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Change sought in 'flawed' municipal conflict law
The Toronto Star    Share    Share on FacebookTwitterShare on LinkedinE-mail article
With the province's inaction on proposed sweeping changes to municipal conflict laws, momentum is building to fix the legislation used to remove Mayor Rob Ford. "It's bad legislation," says Robert Swayze, the integrity commissioner who oversees the conduct of politicians in six Ontario municipalities, including Mississauga and Oakville. He wants the Municipal Conflict of Interest Act fixed. "Look what it's done, it's removed the mayor of the largest city in Canada." Swayze said Ford should not be ousted for voting to excuse himself from repaying $3,150 raised for his football charity using city resources. More than a year ago, 27 changes to the act were recommended after the two-year Mississauga Judicial Inquiry, including lighter penalties that would have allowed Ford to stay in office, Swayze said. More



Province seeks public input for cycling improvements
Ottawa Citizen    Share    Share on FacebookTwitterShare on LinkedinE-mail article
The Ontario government wants to hear from you about how to improve cycling in the province. At a news conference in Ottawa, Minister of Infrastructure and Transportation Bob Chiarelli said the province is looking for public input to form the basis of a draft cycling strategy. The public has until Jan. 29, 2013, to offer comments on such things as improvements to cycling infrastructure, public education and legislation. Chiarelli said that starting in January, municipalities can also apply for funds under the new Municipal Infrastructure Program as it pertains to supporting the development of local cycling networks. More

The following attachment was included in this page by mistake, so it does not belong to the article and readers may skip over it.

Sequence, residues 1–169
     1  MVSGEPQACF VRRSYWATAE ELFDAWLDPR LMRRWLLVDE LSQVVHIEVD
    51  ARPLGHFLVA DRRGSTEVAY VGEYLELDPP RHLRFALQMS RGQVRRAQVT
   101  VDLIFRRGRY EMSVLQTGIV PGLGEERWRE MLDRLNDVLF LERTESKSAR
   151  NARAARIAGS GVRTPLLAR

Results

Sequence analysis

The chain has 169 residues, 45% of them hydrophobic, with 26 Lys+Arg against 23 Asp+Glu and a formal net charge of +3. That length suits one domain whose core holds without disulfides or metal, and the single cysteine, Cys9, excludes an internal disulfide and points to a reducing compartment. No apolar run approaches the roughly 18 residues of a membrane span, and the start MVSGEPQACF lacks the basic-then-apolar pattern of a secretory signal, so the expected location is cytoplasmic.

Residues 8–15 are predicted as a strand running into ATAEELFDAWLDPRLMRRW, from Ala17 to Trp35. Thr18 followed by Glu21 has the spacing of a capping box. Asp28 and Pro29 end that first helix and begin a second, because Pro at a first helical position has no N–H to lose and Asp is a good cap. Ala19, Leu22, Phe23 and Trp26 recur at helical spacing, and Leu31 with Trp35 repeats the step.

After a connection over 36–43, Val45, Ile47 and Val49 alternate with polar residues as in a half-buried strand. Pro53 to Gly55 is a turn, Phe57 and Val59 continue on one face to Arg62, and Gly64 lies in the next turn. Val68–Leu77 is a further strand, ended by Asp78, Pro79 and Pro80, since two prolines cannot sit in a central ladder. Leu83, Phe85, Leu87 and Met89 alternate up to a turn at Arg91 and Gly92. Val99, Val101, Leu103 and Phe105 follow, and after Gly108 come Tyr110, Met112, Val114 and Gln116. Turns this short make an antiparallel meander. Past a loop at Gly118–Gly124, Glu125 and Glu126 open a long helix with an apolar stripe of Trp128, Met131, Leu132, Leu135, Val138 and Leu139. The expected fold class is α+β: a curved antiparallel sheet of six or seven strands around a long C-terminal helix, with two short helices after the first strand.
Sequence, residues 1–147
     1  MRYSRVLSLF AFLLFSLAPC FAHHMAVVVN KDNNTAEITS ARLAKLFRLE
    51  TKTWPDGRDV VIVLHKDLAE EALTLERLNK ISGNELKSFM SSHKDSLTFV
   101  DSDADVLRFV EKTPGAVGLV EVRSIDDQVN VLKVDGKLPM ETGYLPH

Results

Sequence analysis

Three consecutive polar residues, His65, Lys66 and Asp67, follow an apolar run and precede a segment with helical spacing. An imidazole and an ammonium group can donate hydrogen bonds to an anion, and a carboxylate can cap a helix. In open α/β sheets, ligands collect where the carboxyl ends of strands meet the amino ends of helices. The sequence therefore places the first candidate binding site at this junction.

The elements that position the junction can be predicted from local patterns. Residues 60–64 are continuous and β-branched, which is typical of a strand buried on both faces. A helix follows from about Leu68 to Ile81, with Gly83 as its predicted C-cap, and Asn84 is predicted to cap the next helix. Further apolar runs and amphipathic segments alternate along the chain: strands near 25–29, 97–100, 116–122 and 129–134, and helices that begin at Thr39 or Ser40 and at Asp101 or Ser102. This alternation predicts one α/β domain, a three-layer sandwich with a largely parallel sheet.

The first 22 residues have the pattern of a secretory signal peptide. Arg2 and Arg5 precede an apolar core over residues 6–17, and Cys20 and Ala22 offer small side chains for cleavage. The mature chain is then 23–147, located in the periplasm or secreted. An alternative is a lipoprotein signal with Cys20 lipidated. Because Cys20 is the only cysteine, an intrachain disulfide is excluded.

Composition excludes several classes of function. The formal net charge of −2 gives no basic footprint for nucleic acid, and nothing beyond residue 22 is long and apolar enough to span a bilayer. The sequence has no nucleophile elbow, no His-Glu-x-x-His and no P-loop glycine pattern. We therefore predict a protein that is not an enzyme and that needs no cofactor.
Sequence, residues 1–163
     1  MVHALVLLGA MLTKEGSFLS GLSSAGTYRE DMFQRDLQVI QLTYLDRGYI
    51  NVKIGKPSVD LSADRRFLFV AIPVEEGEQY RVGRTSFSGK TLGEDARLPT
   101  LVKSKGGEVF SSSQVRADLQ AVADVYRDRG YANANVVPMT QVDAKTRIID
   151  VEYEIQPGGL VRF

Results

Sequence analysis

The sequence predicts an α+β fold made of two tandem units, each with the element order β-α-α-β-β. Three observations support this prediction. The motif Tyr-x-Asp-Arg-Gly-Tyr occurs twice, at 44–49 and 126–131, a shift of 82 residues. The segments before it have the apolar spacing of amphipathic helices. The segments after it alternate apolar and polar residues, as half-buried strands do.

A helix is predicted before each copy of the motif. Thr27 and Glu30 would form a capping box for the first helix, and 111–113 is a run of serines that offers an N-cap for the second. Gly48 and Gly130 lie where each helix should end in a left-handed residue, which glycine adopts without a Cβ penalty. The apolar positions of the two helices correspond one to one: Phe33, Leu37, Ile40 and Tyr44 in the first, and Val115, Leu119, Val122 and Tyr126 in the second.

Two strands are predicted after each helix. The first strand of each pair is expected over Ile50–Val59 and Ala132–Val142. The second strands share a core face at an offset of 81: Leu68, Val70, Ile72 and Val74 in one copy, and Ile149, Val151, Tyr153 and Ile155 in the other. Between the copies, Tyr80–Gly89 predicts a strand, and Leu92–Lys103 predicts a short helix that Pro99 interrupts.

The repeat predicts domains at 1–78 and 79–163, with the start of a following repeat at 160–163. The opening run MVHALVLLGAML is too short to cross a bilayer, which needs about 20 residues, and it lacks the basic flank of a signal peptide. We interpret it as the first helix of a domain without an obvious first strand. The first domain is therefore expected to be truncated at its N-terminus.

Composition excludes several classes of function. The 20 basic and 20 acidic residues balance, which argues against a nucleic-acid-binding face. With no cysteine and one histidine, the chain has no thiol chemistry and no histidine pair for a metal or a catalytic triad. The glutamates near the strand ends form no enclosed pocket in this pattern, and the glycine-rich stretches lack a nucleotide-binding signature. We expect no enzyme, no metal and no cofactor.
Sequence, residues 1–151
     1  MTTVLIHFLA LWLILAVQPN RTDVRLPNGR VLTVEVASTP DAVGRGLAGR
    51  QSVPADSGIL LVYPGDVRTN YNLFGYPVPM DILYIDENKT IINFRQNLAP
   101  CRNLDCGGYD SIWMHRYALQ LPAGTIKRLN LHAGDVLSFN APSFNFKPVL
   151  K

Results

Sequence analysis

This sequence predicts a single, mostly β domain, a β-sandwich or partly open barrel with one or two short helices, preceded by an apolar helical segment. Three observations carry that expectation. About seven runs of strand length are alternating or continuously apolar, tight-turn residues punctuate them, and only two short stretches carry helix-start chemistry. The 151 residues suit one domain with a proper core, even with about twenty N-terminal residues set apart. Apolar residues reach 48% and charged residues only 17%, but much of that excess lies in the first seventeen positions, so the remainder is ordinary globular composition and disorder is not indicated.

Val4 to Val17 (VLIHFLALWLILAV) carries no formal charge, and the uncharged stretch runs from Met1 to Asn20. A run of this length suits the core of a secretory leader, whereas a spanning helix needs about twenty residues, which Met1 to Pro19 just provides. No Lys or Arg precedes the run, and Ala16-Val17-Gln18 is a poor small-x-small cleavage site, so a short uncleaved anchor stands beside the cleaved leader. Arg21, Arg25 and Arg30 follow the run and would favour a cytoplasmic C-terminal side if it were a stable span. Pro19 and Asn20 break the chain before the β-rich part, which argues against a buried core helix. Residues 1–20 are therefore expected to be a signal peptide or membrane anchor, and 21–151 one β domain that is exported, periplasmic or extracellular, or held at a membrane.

Ford allowed to run in byelection
City TV    Share    Share on FacebookTwitterShare on LinkedinE-mail article
The Ontario Superior Court judge, who ordered Mayor Rob Ford out of office for violating conflict-of-interest rules, clarified that Ford can run in a byelection if one is called before the 2014 municipal election. Justice Charles Hackland ruled that the mayor violated Ontario's Municipal Conflict of Interest Act when he participated in a council vote on Feb. 7 that excused him from repaying $3,150 in questionable donations from lobbyists to his personal football foundation, which solicited money using city letterhead and city staff time. In his decision, the judge gave the mayor 14 days from Nov. 26 to vacate his seat and said that Ford couldn't run again for the 'current term.' More